Officials carried out the first test of Venice’s flood barriers on Saturday, just days after the Italian city saw its first high tide of the winter season.
Sky News Australia reported that dozens of officials, including Italian Transport Minister Maurizio Lupi, looked on as four enormous, steel floodgates rose from the water to create an artificial barrier. Each barrier weighs more than 40 tons.
“This is a very important and emotional moment,” Venice Mayor Giorgio Orsoni told Agence France-Presse. “This will change the view one may have about the city and its lagoon, because, don’t forget, it is a whole, the city and the lagoon are one.”
The barrier project -- known formally as the Experimental Electromechanical Module project and informally as MOSE -- is designed to keep high tides of as much as 2.7 meters, or about 9 feet, from reaching the city, the Telegraph said. The idea is to have 78 have of these barriers block the three inlets to the Venetian Lagoon. The gates will span more than a mile and be positioned at the three entrances to the ancient city where the lagoon links to the Adriatic Sea.
During flooding, when the water reaches 1.1 meters, or about 3.6 feet, above normal levels, the locks will spring into action. Phys.org reported the Venice flood barriers will sit in immense tanks on the sea floor. Pressurized air will be pumped into the steel barriers, raising them up on hinges. The buoyancy makes them float, which will keep the floodwater at bay. The air can be deflated once the water has receded.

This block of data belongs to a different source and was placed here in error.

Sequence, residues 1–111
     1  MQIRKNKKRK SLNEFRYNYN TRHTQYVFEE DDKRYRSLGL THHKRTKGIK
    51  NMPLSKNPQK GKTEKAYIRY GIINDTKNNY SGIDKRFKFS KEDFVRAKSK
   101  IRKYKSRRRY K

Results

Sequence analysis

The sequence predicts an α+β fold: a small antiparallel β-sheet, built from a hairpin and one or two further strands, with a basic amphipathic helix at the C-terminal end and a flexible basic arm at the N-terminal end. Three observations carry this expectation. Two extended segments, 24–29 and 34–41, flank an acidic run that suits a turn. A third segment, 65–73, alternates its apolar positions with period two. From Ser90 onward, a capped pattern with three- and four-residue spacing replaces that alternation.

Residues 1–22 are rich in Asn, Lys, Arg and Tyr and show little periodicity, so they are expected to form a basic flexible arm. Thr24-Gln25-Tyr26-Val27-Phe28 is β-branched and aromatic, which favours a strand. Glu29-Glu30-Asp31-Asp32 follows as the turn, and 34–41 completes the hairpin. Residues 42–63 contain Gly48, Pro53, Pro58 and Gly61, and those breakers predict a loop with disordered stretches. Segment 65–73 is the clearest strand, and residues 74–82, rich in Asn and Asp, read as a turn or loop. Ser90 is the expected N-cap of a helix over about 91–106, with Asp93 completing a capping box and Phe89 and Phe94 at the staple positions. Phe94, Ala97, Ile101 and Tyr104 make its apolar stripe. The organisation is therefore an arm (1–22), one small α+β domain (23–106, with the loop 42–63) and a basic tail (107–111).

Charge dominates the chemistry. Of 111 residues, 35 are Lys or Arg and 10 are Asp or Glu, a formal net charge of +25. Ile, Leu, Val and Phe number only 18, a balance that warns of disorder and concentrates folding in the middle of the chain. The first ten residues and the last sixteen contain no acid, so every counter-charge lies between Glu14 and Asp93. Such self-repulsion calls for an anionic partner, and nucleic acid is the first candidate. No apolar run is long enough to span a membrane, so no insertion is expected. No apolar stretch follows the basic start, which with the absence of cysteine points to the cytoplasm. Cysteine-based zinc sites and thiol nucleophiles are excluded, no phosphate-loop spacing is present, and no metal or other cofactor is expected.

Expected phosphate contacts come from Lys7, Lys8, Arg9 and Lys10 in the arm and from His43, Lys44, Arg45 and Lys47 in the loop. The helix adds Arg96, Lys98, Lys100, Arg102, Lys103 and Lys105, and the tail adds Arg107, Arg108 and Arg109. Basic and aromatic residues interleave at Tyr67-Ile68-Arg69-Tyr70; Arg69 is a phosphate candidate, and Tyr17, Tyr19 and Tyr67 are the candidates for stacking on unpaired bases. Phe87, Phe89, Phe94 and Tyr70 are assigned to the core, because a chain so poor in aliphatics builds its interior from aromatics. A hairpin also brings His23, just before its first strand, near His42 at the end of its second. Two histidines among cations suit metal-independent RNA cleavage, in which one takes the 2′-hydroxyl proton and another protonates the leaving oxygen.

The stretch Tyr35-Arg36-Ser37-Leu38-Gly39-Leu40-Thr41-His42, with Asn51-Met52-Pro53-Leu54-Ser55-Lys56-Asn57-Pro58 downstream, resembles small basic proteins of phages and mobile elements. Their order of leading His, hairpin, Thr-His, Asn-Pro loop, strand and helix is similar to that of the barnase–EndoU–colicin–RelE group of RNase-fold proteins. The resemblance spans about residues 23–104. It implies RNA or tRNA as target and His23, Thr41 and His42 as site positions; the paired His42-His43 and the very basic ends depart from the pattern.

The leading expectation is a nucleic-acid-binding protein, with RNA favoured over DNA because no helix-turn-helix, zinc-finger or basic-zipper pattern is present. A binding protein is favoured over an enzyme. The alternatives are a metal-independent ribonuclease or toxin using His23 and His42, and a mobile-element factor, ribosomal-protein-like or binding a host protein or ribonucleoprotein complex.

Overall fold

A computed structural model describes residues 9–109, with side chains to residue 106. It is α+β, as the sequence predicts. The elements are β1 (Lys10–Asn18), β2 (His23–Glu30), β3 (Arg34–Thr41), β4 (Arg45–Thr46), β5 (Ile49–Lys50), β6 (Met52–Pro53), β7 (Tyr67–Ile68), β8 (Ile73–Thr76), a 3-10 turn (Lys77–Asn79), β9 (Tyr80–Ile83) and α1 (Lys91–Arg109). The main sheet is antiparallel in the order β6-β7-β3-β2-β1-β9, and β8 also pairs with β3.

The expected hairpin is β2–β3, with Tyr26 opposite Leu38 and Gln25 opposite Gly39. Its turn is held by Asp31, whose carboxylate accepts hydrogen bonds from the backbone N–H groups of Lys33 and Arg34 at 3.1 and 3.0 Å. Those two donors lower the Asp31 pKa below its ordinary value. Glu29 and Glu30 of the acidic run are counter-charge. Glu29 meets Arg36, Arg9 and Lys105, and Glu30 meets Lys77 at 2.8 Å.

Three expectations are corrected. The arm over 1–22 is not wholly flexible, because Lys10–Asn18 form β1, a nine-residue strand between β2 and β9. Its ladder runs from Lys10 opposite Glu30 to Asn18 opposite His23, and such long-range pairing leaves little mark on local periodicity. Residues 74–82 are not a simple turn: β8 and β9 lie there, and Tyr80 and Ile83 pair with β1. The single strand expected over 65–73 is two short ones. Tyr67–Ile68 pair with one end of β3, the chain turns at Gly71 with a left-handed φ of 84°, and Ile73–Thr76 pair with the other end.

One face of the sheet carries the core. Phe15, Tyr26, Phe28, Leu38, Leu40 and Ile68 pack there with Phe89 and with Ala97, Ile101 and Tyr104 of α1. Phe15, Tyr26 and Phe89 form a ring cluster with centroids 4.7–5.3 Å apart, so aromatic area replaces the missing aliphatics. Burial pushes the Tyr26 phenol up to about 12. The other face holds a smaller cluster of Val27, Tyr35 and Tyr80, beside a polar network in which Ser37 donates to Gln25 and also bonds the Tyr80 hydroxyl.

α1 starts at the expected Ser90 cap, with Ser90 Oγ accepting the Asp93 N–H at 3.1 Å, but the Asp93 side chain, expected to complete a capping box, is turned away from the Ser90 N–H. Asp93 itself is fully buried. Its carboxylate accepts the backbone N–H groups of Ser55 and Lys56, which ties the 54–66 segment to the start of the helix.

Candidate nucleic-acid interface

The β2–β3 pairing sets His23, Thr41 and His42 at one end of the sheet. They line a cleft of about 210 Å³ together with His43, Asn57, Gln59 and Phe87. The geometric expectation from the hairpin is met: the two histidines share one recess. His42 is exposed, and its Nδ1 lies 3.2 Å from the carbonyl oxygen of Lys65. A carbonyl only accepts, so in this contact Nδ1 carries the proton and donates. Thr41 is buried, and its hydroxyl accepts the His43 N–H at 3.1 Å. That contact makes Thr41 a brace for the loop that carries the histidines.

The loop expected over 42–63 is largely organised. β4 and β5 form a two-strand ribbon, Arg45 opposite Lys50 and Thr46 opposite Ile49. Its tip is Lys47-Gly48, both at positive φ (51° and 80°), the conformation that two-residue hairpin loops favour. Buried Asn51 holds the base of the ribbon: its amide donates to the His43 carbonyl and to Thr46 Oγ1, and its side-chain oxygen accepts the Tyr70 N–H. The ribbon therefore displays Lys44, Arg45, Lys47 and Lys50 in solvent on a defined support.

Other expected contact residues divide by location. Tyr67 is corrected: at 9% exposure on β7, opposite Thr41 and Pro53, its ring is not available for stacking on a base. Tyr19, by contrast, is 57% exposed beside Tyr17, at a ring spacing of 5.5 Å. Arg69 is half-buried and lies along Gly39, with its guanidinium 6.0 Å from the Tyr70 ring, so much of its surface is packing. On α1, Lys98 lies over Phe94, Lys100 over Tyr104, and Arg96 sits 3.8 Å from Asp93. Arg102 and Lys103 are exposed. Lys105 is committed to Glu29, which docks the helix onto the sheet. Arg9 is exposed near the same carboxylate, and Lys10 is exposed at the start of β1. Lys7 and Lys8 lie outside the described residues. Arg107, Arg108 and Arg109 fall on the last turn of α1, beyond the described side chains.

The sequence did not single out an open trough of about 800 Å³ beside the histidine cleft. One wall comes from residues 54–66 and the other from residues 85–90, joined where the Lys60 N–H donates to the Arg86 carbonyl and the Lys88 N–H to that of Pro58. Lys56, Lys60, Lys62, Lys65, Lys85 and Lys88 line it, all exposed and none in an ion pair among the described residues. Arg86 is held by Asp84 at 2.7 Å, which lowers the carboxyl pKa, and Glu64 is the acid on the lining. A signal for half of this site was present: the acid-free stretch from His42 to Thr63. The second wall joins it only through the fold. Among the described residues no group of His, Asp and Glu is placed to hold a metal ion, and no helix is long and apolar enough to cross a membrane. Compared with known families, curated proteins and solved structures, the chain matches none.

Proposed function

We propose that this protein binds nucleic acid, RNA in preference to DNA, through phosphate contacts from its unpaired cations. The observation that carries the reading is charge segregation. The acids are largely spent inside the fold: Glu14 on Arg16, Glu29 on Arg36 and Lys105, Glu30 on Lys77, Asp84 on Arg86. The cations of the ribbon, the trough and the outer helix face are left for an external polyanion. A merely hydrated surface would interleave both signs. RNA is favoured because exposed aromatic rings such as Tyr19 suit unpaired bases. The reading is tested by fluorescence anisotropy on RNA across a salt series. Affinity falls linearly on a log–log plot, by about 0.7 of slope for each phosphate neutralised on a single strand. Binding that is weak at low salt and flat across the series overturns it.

“The benefit of the city is that no more floods will arrive and that all the ground floors of the city, which are usually washed out and destroyed by these tides, will be safe,” Hermes Redi, CEO of Consorzio Venezia Nuova, which is in charge of the project, told the Telegraph.
Venice sits on a group of 118 small islands separated by canals and linked by bridges. Located in the marshy Venetian Lagoon between the mouths of the Po and Piave Rivers, the centuries-old city is prone to flooding. Every year, the “acqua alta” brings high waters that spill into the streets and walkways of Venice. It happens several times a year, and it has gotten worse over the past century, due in part to Venice sinking by 23 centimeters, or about 9 inches.
The floodwater causes massive damage the city’s infrastructure, and puts many businesses and residents on lockdown until the water recedes.
MOSE has already cost more than $7 billion and its completion is not expected for years, according to BBC News, which reported an additional $800 million is needed immediately to keep 4,000 construction workers on the job.
And the project hasn’t been without its fair share of naysayers, either. Some claim the project is too expensive and that there’s no guarantee it’ll even work.
Construction on the Venice flood-barrier project began in 2003. It was slated to start operating in 2014, but delays have pushed that date back to 2017.
Philip Ross joined IBTimes in March 2013. He holds an M.A. in Journalism from New York University and a B.A. in International Development Studies from the University of...
- Silk-Based Bone Implants ‘Melt Away’ After Fracture Heals, May Have ‘Huge Applications’ For Surgeons
- The 'Cultural Impact' Of Rising Sea Levels: Global Warming Threatens 20% Of World Heritage Sites
- Asteroid 2014 DX110 Flyby Live Stream: Watch Near-Earth Encounter With 98-Foot Asteroid Here [VIDEO]
- Drone Captures Dolphin ‘Stampede,’ Gray Whale Migration Off California Coast In Amazing Footage [VIDEO]